We use the term ‘Dilute acid’. Now, what does it mean?
Dilute acid solution means that acid has been added to water to make an acidic solution. The question is whether acid can maintain its properties when added with water or they undergo changes!
Suppose, you are taken some oxalic acid lattice and put a dry blue litmus paper on them. You will observe no change in the colour of litmus paper. The reason here is that dehydrated oxalic acid lattice does not contain any hydrogen ion.
But, when you dissolve this dehydrated oxalic acid in water, it will decompose and donate H+ ion, which will turn the blue litmus into red colour. That means hydrogen ion present in an aqueous solution shows an acidic property.
Citric acid partially decomposes in aqueous solution and the same thing happens in the case with ethanoic acid and carbonic acid. (Partial decomposition means instead of all molecules added in the solution, some of them decompose and they remain intact).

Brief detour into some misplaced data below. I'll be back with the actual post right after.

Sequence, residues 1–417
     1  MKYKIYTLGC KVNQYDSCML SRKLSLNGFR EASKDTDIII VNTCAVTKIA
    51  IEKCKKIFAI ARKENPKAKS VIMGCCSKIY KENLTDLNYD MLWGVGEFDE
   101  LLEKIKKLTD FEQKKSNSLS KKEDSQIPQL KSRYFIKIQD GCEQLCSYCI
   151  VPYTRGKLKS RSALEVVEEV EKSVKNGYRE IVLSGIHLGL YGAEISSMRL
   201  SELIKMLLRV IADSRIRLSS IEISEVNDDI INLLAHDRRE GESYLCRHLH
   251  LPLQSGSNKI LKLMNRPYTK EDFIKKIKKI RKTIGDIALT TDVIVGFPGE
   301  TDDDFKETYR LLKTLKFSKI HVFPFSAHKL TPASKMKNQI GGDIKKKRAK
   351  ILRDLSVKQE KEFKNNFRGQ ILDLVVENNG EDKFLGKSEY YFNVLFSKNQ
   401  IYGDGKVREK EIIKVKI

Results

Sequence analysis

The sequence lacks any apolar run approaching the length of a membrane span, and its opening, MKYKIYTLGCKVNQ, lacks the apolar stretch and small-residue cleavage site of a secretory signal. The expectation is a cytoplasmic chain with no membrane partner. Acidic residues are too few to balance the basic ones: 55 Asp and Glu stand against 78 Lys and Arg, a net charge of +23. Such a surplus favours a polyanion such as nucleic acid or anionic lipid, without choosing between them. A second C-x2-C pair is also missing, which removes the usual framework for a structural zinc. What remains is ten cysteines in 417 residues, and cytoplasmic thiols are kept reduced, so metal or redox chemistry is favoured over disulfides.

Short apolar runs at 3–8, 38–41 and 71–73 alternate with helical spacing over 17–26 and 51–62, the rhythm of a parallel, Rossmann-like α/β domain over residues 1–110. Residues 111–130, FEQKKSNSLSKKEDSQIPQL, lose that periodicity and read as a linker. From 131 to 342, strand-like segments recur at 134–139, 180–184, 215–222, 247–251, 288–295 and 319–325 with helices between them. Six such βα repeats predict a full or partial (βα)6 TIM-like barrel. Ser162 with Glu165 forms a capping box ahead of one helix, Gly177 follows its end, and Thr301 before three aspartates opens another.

Hydrogen chloride (HCl) is completely ionized in aqueous solution and produces hydrogen ion:
We know, pure sulfuric acid and nitric acid are colourless liquids. Both the compounds remain in their molecular state. Since they are not ionized or hydrogen ion is not present in them, hence, pure sulfuric acid and pure nitric acid neither show acidic properties nor do they conduct electricity. They produce hydrogen ion only when they are dissolved in water, showing acidic property and conducting electricity.
So, we get,
Similarly, we can write,
The acids that get partially ionized in aqueous solution are weak acids. While Strong acid ionizes completely in aqueous solution.
It shows the weak acids have a lesser amount of hydrogen ion. Strong acids have a comparatively greater number of hydrogen ion.